As the creator of an upper-division university course, Strategic Business/Financial Communications (my M.A. project), sometimes one can still ask if you appreciate the meaning of the word, strategy. We use it all the time, but do we really appreciate its context?

Does Management Know What It Is Doing?

Rank-and-file workers around the world spend portions of their days chatting around the proverbial cooler or more likely firing text messages or emails across cyberspace asking each other whether the boss or bosses really know what she/he/they know what they are doing?

watercooler

The real question is: Do we have a strategy? And if so, what is our strategy?

Think of the interrogative this way: Any organization has only so much money, so much time, so much manpower/womanpower and so much talent and knowhow. These resources are finite. How will they be most effectively utilized?

The decision is just as much what an organization is going to do with its resources, as it is what it will not do with its limited attributes.

“We’re not serving any damn chicken salad”

The New York Times bestseller Made to Stick, co-authored by Chip and Dan Heath, recounts the story of Tracy, the marketing whiz at Southwest Airlines, suggesting to CEO Herb Kelleher that chicken Caesar salad would be popular with the airline’s customers. The idea went absolutely nowhere because it did not coincide with Southwest’s THE low-fare airline strategy.

madetostick

“Core messages help people avoid bad choices by reminding them what is important,” Chip and Dan Heath wrote in Made to Stick. “In Herb Kelleher’s parable, for instance, someone had to choose between chicken salad and no chicken salad – and the message ‘THE low-fare airline’ led her to abandon the chicken salad.”

Think of what Southwest (NYSE: LUV) does:

The airline offers soft drinks, pretzels and peanuts (and adult beverages paid by credit cards).

Southwest flies point-to-point primarily in the continental U.S., eschewing the annoying jammed “spoke” airports (e.g., Denver, Dallas, Chicago, Charlotte, Atlanta) that plague the legacy carriers and their passengers. Southwest only flies Boeing 737-400s.

There are no assigned seats, festival seating for all.

And the flight attendants seem to be having a great time, and really want the passengers to “enjoy” rather than endure their flight.

What does Southwest NOT do:

There is no crummy airline food to purchase.

There are no spoke systems.

Southwest does not purchase multiple models of aircraft from both Boeing and Airbus. There is one model of aircraft to service.

There are no assigned seats, but a devilishly effective way of boarding it’s A,B and C boarding groups. Southwest makes money when its planes are in the air, not on the ground. The strategy is to get satisfied passengers off the plane, quickly loading another happy group of patrons and sending the plane back into the air heading off to the next destination.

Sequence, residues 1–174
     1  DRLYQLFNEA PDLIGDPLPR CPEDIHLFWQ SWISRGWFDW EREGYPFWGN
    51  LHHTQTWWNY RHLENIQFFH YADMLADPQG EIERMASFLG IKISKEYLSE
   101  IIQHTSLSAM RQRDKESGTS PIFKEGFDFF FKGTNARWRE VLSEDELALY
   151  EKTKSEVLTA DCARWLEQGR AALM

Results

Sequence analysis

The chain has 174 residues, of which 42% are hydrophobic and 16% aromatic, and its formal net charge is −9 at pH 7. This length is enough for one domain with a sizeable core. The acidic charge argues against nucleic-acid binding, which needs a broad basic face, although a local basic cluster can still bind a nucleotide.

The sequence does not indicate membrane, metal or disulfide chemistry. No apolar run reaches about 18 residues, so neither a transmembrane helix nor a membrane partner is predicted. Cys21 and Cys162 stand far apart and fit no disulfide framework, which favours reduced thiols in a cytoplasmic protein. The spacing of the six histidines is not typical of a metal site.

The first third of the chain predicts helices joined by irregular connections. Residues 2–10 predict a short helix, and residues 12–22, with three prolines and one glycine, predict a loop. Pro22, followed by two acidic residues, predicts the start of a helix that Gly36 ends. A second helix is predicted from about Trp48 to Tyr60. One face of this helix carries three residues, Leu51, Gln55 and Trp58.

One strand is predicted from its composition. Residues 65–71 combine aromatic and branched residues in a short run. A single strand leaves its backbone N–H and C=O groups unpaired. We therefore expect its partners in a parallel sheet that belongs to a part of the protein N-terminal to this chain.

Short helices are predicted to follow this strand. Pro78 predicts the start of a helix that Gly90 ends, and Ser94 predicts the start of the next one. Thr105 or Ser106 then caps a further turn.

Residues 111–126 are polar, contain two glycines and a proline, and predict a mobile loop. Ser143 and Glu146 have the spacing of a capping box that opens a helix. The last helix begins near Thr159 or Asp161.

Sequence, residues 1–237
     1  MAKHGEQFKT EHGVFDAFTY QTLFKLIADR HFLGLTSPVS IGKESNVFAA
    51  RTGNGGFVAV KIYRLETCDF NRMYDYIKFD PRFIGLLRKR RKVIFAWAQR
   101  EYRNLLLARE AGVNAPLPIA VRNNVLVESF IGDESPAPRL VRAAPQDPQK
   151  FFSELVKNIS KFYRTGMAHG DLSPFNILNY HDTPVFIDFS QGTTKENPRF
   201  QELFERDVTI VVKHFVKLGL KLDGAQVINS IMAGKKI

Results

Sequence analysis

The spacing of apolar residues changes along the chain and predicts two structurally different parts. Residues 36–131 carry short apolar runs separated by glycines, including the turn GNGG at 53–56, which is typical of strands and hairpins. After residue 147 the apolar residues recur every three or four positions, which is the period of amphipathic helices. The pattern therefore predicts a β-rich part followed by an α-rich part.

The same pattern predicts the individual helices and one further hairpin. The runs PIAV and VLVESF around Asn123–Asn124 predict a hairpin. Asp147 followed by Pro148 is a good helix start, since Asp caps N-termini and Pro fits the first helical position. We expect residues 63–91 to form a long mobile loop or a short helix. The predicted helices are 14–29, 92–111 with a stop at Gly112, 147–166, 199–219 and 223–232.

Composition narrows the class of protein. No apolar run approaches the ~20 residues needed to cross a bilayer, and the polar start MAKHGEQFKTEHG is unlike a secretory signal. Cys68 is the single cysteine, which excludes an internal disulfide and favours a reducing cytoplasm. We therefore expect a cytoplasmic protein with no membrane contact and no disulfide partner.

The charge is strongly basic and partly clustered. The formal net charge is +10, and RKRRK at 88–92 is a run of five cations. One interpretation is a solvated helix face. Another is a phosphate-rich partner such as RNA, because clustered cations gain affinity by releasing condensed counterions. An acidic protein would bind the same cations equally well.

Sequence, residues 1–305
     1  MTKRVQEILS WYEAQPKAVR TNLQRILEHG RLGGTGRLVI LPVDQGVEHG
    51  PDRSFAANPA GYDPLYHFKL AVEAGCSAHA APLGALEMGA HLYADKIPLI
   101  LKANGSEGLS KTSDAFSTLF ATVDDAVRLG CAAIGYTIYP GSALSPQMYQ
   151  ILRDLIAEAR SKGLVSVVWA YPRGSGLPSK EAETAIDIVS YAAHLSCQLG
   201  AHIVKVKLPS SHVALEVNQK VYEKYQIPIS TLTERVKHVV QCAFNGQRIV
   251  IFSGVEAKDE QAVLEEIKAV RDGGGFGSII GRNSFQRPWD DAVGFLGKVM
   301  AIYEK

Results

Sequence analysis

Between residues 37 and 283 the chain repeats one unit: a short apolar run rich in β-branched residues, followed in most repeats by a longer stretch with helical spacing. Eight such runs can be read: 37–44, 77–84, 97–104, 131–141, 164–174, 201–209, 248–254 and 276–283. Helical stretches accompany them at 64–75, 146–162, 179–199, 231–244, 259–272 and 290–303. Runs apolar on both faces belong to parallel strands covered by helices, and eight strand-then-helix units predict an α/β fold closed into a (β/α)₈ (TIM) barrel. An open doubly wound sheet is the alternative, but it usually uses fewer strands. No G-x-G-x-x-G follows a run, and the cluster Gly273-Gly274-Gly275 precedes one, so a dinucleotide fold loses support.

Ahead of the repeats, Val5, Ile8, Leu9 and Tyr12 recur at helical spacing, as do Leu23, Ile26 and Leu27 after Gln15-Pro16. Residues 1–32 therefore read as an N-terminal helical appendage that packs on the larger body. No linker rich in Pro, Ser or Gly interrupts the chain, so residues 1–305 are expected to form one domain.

As a public relations, marketing, advertising professional, you want to work for an organization that knows what it wants to be when it grows up. When dealing with external (e.g., conventional and social media, industry and financial analysts, governmental regulators, investors, partners, suppliers, distributors general public) and internal stakeholders (e.g., all-important employees), you want to be sure of your “story.”

If your organization knows what it wants to do, and what it does not want to do (and has the discipline to stay within the confines of its resources), your job is just that much easier.

FedEx will get your package to its intended destination positively, absolutely overnight.

Tesla pours millions into R&D and cap-ex for ion batteries for electric cars at acceptable price points with sufficient range.

Salesforce.com is a pioneer in SaaS or software as a service, allowing customers to pick-and-choose, and then plug-and-play business software from the cloud.

Google is the number search engine in the world, and makes the Android operating system for mobile devices.

Amazon is the number one digital retailer on the planet, and makes the Kindle reader.

The examples are too numerous to count, but these are companies know how to answer the question: “How do you make money?” The answer is a clear strategy.

The vast majority of investors will weigh buying shares in these companies because they know these companies raison d’etre. There is no FUD (Fear, Uncertainty and Doubt) when it comes to Southwest, FedEx, Tesla, Salesforce, Google, Amazon and many others.

obamastrategy

Alas, a few folks in Washington D.C. are not the only ones without a strategy… yet. And every organization without a strategy – what to do and not what to do — has a big league public relations/branding/marketing dilemma.

http://www.washingtonpost.com/blogs/post-politics/wp/2014/08/28/obama-on-increased-action-against-islamic-state-we-dont-have-a-strategy-yet/

http://en.wikipedia.org/wiki/Herb_Kelleher

http://www.businessdictionary.com/definition/strategy.html

http://en.wikipedia.org/wiki/Strategy

http://en.wikipedia.org/wiki/Made_to_Stick

https://almostdailybrett.wordpress.com/2013/10/06/how-does-a-company-make-money-2/